Chinese, US scientists identify 2 bacterial secreted proteins effective in inactivating coronavirus

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Published: May 26, 2020 6:10 PM

As the development of virus-specific vaccines and antiviral drugs usually take a great deal of time, broad-spectrum antiviral drugs could be crucial to preventing the spread of new viral diseases in a timely manner, the paper said.

For example, a study in 2010 showed that either lipoprotein lipase or hepatic triglyceride lipase can impair Hepatitis C virus infection.For example, a study in 2010 showed that either lipoprotein lipase or hepatic triglyceride lipase can impair Hepatitis C virus infection.

Chinese and US research teams have jointly discovered two bacterial secreted proteins that can effectively inactivate a series of viruses, including the novel coronavirus, dengue and the HIV, according to a media report.

The result “provides a future avenue for the development of broad-spectrum antiviral drugs that might reduce the clinical burden caused by emerging viral diseases,” according to a paper released on bioRxiv, the preprint server for biology, on May 22, state-run Global Times reported here on Tuesday.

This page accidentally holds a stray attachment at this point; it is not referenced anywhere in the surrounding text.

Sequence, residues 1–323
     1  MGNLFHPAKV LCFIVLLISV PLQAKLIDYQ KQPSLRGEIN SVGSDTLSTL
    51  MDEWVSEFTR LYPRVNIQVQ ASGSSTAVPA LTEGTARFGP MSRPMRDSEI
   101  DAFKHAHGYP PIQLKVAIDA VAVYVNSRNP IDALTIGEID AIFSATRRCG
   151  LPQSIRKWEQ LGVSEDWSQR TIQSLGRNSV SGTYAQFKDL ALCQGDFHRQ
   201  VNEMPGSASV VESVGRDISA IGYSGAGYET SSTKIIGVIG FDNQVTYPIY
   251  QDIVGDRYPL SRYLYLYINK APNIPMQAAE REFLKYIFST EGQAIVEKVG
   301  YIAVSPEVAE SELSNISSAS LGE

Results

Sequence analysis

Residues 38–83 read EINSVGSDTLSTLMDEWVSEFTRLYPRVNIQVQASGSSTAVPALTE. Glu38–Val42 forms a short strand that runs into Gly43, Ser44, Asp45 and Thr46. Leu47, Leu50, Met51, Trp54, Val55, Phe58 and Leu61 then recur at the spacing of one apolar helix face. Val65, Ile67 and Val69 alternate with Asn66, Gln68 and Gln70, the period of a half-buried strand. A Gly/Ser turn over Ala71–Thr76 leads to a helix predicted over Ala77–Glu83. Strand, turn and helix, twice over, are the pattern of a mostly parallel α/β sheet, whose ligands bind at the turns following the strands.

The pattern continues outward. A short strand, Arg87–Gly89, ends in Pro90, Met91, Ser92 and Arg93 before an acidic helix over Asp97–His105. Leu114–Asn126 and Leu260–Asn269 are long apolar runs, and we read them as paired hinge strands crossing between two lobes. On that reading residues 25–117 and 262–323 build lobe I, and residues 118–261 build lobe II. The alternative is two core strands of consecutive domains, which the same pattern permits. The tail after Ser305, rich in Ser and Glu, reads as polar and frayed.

As the development of virus-specific vaccines and antiviral drugs usually take a great deal of time, broad-spectrum antiviral drugs could be crucial to preventing the spread of new viral diseases in a timely manner, the paper said.

The researchers first identified a soil bacterium from the gut of Aedes aegypti mosquitoes. They then sequenced the whole bacterial genome to characterise the bacterium and identified two proteins that can effectively impair a series of viruses, including dengue virus, HIV and the novel coronavirus, according to the paper.

The two proteins contain a lipase domain, the paper said.

There is evidence to indicate that certain lipases present a potent antiviral activity. For example, a study in 2010 showed that either lipoprotein lipase or hepatic triglyceride lipase can impair Hepatitis C virus infection.

Another in 2017 showed that a secreted phospholipase A2 isolated from Naja mossambica snake venom showed the effectiveness in inactivating hepatitis C virus, dengue virus and Japanese encephalitis virus, the paper noted.

Research teams from Tsinghua University and the Academy of Military Medical Sciences in Beijing, disease prevention and control centre in Shenzhen, South China’s Guangzhou Province, and University of Connecticut in the US took part in the research, the study said.

Worldwide, the novel coronavirus, which originated in China late last year. has infected nearly 5.5 million people, killing over 346,000, according to a tally by Johns Hopkins University. Europe has had about 170,000 deaths and the US has seen nearly 100,000. Experts say the tally understates the real effects of the pandemic due to counting issues in many nations.

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